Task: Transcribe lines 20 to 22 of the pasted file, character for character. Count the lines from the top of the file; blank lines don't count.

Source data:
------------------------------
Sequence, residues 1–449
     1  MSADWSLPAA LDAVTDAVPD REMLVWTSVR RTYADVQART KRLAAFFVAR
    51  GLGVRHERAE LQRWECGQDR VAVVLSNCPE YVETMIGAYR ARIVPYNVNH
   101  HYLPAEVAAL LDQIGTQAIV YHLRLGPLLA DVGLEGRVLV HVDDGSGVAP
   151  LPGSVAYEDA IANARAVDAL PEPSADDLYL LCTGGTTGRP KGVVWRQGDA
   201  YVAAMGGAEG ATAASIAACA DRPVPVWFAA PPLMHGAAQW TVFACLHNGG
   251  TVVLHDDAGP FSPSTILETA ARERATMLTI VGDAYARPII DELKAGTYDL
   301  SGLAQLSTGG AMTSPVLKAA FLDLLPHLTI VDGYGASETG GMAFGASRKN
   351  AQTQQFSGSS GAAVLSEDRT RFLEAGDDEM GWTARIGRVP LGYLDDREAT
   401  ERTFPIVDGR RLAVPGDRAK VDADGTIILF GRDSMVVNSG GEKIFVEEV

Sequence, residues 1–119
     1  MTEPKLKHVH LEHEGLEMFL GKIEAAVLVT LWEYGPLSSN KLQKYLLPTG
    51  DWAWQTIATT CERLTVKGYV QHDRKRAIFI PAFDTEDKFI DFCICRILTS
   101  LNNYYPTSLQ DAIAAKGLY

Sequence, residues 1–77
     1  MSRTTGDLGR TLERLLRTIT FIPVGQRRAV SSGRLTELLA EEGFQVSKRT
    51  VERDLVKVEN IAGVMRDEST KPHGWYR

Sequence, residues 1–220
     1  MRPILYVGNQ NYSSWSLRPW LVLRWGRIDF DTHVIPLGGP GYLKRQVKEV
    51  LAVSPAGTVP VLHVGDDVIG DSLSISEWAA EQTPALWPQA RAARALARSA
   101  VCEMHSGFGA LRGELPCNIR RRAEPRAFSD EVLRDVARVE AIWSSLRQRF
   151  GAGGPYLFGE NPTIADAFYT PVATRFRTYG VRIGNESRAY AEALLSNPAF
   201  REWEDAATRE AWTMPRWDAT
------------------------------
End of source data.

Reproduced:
    51  LAVSPAGTVP VLHVGDDVIG DSLSISEWAA EQTPALWPQA RAARALARSA
   101  VCEMHSGFGA LRGELPCNIR RRAEPRAFSD EVLRDVARVE AIWSSLRQRF
   151  GAGGPYLFGE NPTIADAFYT PVATRFRTYG VRIGNESRAY AEALLSNPAF